On My Interest in Studying Serial Entrepreneurs

Fellow, RIETI

Toward the realization of economic revival through the creation of new businesses

The third pillar of the Abenomics economic policy approved by the Cabinet in June 2013, which was announced in the "Japan Revitalization Strategy: Japan is back" (Headquarters for Japan's Economic Revitalization, 2013), sets new business creation as a key goal, and aims to leverage the nation's still-dormant technologies, funds, and human resources to the maximum degree in order to support the creation of venture businesses and other new business opportunities.

One key element to this goal is the serial entrepreneurs. Serial entrepreneurs are defined as individuals who start more than one business in their lifetime. In Europe and the United States, academic research has been conducted on such individuals in response to the practical interests of how venture capitalists (VCs) select entrepreneurs.

Previous studies on serial entrepreneurs

Hsu (2007) surveyed entrepreneurs who were funded by VCs in the United States and showed that serial entrepreneurs tend to enjoy higher business valuations from VCs compared to their non-serial counterparts. Such tendency was even more prominent among those who achieved high returns on their investments in the past. Westhead et al. (2005) found that serial entrepreneurs surveyed in Scotland generated more sales than their non-serial counterparts. The study also divided serial entrepreneurs, as defined above, into two groups: 1) those who had handed responsibility at their older start-ups over to someone else and were currently focusing on a single start-up, and 2) those who continued to oversee multiple start-ups. Further analysis of these groups showed that the latter tended to achieve even higher sales.

Key findings from RIETI's Survey on Entrepreneurship

It is possible that expectations and evaluation from business partners and investors on serial entrepreneurs differ among countries. With that in mind, let us look into whether there is a high probability that serial entrepreneurs in Japan including those who do not receive VC funding will succeed.

According to the Survey on Entrepreneurship conducted by RIETI last year [see Baba & Motohashi (2013) and Matsuda & Matsuo (2013) for the details], among the 1,307 entrepreneurs surveyed who had started businesses by the end of 2009, (Note 1) 488 were serial entrepreneurs. Table 1 shows the distribution of successful start-ups (defined as having turned a profit in at least one fiscal year) in the entrepreneur's first and subsequent start-up attempts (Note 2).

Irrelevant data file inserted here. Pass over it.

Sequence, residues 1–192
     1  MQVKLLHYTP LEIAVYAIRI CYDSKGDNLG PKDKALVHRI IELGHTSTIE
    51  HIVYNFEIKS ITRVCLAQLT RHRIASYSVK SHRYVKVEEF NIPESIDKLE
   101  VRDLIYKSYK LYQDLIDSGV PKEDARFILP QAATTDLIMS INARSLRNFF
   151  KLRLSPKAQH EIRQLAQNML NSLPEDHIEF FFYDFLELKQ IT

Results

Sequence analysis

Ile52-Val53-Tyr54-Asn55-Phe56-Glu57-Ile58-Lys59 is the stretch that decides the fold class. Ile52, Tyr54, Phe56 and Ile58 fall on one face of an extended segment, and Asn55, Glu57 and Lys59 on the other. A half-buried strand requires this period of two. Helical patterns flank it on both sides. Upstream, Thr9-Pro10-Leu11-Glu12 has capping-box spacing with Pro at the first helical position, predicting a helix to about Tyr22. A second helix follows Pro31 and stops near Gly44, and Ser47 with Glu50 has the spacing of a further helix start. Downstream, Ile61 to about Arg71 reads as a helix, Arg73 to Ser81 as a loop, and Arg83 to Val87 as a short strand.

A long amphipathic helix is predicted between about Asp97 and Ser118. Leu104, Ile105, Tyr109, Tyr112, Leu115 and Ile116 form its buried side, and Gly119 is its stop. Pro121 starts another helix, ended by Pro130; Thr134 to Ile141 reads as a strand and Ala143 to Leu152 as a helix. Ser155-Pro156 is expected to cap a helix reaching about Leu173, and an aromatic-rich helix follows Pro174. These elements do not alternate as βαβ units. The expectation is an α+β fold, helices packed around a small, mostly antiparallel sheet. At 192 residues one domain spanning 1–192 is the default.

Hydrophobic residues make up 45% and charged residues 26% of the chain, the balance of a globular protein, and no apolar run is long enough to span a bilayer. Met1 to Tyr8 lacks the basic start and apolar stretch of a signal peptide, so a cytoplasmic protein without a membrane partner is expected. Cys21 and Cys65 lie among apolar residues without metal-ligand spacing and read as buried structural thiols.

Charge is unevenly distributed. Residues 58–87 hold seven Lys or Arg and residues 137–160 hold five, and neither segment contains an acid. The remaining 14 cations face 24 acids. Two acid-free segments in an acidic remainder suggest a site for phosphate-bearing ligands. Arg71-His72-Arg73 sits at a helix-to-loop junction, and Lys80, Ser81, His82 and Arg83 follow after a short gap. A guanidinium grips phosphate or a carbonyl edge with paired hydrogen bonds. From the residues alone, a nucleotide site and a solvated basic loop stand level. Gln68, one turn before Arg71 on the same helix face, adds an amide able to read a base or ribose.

Table 1: Distribution of start-up success in the first and subsequent attemptsTable 1: Distribution of start-up success in the first and subsequent attempts

We conducted a statistical test on successful first-time entrepreneurs and those who had failed in their first attempt to see if there is any significant difference in their likelihood of success in subsequent attempts, and the result rejected our null hypothesis that there is no such difference. We further tested the statistical independence between the distribution of the first and subsequent successes, which again led us to reject the null hypothesis.

We can conclude that entrepreneurs with a track record of success are much more likely to succeed than those who have previously failed, or that their initial success is not unrelated to their subsequent performance.

Skills of serial entrepreneurs

Why is it, then, that those with a track record of success are more likely to repeat the feat in subsequent attempts? Gompers et al. (2010) show that serial entrepreneurs who repeat success (here, defined as listing a company) are skilled at selecting the right industries and timing to start new ventures. Such skills are different from the management skills learned through starting businesses. VCs and business partners see an entrepreneur's success the first time around and take it as proof that he/she has these particular skills, which leads them to providing more funds and other resources to the entrepreneur's subsequent ventures, making their further success more likely.

In fact, Martin & Osberg (2007), which outline case studies of serial entrepreneurs, point out that such entrepreneurs' record of past success is used as their most effective tool in convincing investors in negotiating investment conditions.

Now, the question is whether these skills of the serial entrepreneurs are transferable to others. If that is the case, it is possible to increase the number of successful entrepreneurs and nascent entrepreneurs by academically revealing their skills and disseminating them widely. This is the reason why I stated at the outset of this column that serial entrepreneurs are a key element for the success of the Japan Revitalization Strategy.

I am determined to continue furthering my research on serial entrepreneurs from that viewpoint.

November 5, 2013
  1. ^ In order to avoid categorizing entrepreneurs who are likely to make profit in the future but are still at too early a stage as "failed," those who had started a venture during the two years preceding the survey period are excluded from the sample.
  2. ^ For those entrepreneurs who had started two businesses, the survey asked if their first and second businesses turned a profit in at least one fiscal year, while for those who started more than two businesses, the same question was asked of their first and the most recent business.

November 5, 2013

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